One way to reduce your income tax liability each year is to take all of the deductions available to you. Depending on your personal situation, you might be able to deduct some or all of your rent on your tax return. This will depend on whether you are paying rent for personal living space or for business use.
With the passage of the Tax Cut & Jobs Act, employees can no longer deduct business-related expenses that aren't reimbursed by an employer, points out legal website, NOLO.com. Knowing your rent tax deduction options will help you keep more of your income and avoid making an error on your annual return.
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Consider also: Non-Employee Compensation: Definition & Compensation Reporting
Non-Business Space Rent
Because homeowners can deduct part of their mortgage interest, renters sometimes become confused as to whether that provision applies to their situations. You cannot take a rent deduction if you're using the space for non-business purposes. For example, if you live in an apartment and do no business there, you can't deduct that rent. If you're renting a storage locker for personal items, you can't take a tax deduction for that rent, either.
Home Office Qualifications
If you have a home office, you can write off the rent related to the square footage of the office in certain circumstances. The space must be used exclusively and regularly for business, or be the main place you meet customers. The only exception is if the space you're renting is not attached to the main residence, such as a guesthouse or second floor of a freestanding garage.
If you have a room that doubles as a workout room and an office, you can't write off that space as a home office unless the room is clearly partitioned and each section is used exclusively for its purpose. The same goes for an office that family members use for business, kids' homework and Internet surfing. The space must also be your principal business work location.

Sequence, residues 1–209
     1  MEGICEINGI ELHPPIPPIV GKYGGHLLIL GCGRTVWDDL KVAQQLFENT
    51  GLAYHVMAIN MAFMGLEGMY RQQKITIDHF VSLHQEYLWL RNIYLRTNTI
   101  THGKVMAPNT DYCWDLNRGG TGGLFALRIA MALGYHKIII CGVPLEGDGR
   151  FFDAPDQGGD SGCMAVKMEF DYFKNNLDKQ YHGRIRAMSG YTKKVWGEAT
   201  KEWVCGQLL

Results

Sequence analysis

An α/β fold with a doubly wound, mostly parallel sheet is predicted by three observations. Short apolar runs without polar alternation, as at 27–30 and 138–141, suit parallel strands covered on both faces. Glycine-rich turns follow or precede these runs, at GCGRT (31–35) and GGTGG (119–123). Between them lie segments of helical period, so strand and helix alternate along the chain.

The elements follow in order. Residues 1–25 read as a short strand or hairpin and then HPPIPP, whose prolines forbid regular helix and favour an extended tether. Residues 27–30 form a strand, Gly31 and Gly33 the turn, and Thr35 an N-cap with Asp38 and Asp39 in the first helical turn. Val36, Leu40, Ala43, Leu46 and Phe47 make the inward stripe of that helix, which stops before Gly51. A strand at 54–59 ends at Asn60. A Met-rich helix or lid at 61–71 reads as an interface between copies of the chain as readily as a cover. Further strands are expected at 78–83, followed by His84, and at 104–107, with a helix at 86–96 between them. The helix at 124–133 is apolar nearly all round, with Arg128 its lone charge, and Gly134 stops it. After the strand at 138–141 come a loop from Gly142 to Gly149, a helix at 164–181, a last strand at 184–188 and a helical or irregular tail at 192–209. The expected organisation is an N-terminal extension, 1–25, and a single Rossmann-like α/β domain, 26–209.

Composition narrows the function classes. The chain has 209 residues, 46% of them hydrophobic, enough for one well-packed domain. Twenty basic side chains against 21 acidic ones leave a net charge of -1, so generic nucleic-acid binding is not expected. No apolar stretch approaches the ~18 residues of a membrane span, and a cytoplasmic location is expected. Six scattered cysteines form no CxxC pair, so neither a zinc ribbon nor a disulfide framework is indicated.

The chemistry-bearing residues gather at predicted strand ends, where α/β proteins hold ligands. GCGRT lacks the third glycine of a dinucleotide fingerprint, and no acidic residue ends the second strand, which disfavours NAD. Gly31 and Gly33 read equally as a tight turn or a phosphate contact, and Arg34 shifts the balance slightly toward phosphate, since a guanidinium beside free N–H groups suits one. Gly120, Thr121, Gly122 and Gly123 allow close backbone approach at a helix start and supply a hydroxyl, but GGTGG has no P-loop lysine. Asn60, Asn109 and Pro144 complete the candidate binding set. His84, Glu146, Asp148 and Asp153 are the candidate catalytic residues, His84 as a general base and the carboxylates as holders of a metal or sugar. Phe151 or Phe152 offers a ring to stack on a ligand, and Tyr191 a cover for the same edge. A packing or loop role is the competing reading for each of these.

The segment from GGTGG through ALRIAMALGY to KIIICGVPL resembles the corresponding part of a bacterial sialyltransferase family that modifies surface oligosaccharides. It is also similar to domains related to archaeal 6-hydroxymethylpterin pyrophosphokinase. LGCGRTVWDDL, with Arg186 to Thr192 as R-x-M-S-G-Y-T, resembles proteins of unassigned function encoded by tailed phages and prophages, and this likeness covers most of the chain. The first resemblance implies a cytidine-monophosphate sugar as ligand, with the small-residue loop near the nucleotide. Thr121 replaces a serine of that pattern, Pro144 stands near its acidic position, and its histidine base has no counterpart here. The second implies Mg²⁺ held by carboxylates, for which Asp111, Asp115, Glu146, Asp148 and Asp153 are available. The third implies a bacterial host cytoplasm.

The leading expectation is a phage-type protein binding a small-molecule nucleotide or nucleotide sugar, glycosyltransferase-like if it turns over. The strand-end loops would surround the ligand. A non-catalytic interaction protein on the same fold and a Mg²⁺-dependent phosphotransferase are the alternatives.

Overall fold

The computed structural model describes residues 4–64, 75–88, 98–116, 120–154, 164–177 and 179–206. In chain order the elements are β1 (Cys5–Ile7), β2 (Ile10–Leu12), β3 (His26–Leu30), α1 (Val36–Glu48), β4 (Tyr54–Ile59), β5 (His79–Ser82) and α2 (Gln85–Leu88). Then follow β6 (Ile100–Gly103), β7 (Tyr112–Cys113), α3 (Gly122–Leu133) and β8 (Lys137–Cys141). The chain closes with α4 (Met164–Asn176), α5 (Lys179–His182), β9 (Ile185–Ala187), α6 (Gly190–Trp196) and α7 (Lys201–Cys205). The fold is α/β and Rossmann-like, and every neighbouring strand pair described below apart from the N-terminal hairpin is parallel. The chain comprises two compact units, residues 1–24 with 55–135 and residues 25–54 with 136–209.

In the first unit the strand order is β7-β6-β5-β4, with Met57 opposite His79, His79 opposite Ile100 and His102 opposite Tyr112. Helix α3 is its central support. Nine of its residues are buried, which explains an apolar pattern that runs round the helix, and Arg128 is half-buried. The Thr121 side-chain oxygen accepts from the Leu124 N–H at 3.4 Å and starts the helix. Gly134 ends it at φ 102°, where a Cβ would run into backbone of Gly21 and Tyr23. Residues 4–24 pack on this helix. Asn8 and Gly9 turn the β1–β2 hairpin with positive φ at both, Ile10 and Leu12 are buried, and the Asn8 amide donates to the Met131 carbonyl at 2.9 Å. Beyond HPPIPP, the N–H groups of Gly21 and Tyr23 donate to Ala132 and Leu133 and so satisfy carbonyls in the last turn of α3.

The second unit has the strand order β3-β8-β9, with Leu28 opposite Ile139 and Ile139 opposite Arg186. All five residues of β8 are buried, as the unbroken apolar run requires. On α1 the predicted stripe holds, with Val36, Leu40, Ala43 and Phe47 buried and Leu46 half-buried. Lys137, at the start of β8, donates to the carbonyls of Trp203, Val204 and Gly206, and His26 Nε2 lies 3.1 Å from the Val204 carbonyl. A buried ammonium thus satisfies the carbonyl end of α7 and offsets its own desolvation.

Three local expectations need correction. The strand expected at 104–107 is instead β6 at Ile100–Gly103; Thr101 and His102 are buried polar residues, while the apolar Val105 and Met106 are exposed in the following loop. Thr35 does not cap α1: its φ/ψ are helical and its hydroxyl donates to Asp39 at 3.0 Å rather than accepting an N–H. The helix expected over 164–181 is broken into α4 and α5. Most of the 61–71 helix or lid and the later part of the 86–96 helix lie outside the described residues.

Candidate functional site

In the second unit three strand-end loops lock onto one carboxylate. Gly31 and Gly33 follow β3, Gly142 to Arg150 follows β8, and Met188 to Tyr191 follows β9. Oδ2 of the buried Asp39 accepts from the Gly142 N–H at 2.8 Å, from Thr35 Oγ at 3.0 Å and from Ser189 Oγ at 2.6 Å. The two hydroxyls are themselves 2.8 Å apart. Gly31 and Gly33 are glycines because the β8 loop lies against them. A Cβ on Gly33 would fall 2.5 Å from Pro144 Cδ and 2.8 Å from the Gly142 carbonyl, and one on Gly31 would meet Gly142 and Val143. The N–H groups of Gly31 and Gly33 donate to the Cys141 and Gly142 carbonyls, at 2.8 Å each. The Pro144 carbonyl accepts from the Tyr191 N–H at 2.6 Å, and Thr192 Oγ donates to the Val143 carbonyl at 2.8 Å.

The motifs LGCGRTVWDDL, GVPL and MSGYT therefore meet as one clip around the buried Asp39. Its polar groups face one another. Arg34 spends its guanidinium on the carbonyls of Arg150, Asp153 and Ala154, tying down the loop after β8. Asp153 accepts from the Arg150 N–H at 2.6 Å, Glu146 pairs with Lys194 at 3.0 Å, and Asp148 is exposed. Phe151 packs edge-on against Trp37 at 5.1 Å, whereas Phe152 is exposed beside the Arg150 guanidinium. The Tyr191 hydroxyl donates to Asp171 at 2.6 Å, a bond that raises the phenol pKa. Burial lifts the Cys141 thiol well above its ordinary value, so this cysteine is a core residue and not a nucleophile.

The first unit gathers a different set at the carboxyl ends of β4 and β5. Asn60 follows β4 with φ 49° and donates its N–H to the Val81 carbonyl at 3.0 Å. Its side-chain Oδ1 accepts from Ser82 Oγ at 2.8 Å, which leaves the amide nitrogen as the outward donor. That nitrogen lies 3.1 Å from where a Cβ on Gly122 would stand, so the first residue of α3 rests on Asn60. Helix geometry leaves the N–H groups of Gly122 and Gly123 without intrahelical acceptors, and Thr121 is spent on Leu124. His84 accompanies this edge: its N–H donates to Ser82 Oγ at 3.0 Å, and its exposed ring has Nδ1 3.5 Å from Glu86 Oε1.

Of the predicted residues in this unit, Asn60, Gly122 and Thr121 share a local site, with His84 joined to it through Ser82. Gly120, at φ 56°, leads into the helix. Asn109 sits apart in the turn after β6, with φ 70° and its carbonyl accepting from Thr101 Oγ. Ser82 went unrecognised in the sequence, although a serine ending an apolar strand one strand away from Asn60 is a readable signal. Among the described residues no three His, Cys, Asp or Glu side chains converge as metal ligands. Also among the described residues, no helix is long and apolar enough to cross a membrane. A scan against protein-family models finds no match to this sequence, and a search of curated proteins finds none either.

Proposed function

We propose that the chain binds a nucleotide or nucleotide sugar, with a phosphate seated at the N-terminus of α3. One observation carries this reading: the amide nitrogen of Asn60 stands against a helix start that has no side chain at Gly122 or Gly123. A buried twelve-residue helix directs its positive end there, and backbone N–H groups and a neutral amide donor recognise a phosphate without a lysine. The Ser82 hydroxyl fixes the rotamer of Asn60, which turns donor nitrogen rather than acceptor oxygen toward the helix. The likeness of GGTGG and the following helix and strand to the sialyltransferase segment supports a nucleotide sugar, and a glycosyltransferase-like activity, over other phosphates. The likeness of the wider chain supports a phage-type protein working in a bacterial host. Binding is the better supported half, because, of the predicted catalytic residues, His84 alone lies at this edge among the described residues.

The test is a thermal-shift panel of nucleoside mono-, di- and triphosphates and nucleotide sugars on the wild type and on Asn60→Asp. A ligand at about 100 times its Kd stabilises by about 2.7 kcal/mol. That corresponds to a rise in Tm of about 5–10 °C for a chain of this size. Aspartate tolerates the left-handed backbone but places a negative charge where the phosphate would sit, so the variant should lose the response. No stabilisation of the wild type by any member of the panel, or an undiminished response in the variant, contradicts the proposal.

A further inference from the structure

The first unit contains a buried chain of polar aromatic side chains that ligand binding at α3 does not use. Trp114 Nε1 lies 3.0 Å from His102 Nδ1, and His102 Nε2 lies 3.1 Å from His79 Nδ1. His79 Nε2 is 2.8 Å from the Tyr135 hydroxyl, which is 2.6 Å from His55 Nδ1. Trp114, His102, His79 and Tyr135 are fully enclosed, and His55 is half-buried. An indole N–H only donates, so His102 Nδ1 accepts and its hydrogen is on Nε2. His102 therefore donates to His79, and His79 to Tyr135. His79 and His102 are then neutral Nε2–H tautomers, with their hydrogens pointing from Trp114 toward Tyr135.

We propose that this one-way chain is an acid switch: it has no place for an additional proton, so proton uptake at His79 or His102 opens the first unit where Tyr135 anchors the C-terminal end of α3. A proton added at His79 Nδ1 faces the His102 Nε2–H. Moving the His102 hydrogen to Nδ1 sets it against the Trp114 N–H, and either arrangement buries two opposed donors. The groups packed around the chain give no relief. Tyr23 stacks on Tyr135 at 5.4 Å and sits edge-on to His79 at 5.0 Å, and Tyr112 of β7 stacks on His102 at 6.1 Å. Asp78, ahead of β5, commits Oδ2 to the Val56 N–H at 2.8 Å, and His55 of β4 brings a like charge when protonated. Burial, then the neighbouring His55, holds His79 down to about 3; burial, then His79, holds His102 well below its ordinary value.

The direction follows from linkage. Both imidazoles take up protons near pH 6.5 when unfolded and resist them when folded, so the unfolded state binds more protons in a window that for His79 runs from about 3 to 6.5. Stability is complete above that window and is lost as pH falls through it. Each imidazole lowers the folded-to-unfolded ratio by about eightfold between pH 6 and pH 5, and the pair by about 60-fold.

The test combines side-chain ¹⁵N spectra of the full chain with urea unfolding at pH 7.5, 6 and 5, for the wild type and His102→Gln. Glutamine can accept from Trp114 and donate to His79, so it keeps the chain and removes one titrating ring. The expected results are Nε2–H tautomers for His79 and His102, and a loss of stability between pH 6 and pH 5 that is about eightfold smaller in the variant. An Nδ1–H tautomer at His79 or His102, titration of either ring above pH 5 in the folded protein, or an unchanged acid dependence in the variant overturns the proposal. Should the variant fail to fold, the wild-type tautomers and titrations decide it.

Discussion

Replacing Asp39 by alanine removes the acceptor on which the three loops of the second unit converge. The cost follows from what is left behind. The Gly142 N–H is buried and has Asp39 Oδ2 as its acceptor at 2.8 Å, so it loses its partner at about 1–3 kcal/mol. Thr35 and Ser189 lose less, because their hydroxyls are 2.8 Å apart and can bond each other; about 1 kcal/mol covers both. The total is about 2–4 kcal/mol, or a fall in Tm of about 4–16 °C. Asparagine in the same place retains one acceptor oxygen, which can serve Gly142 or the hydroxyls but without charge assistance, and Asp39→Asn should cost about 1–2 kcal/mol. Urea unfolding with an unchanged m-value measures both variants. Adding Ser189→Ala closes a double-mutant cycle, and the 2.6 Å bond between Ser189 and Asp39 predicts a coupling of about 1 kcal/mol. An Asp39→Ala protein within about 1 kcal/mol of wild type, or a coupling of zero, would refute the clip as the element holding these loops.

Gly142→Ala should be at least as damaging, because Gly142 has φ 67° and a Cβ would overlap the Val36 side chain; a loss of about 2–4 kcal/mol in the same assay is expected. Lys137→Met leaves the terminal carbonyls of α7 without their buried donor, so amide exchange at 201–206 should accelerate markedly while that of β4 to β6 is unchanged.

This means that if you have a full-time job at an office downtown, but you come home at night and spend some hours working in a specific room of your apartment or house – even if you only use that room for business work – you can't write it off. Generally, the deduction for home office expense is limited to the net income derived from the home office, which is calculated before the office deduction. The home office cannot create a loss.
Consider also: Guide to Home Office Deductions
Storage and Day Care Deductions
If you store materials or inventory in your apartment, you can claim a deduction if your apartment, or an office in your apartment, is your principal place of business. For example, if you own a restaurant as your principal business and store cans of food and equipment in your apartment, you can't claim that portion of your apartment and the related rent as a deduction.
If you offer daycare out of your apartment or home, you might be able to write off some of the rent even though you use the space for business during the day and as personal living space the rest of the time. You must calculate how much of your rent qualifies for a write-off based on the amount of time you use the space for business.
If you have a home office that qualifies for a deduction, you can also write off a portion of expenses such as utilities, repairs, maintenance, pest control and security related to the office. For example, if your qualifying home office takes up 15 percent of your apartment, you can write off 15 percent of your heat and electric bills.
Visit the Simplified Option for Home Office Deduction page of the IRS website to learn the two different ways you can use to take a home office deduction. You should also review what constitutes a home office and what negates the use of home space for a deduction.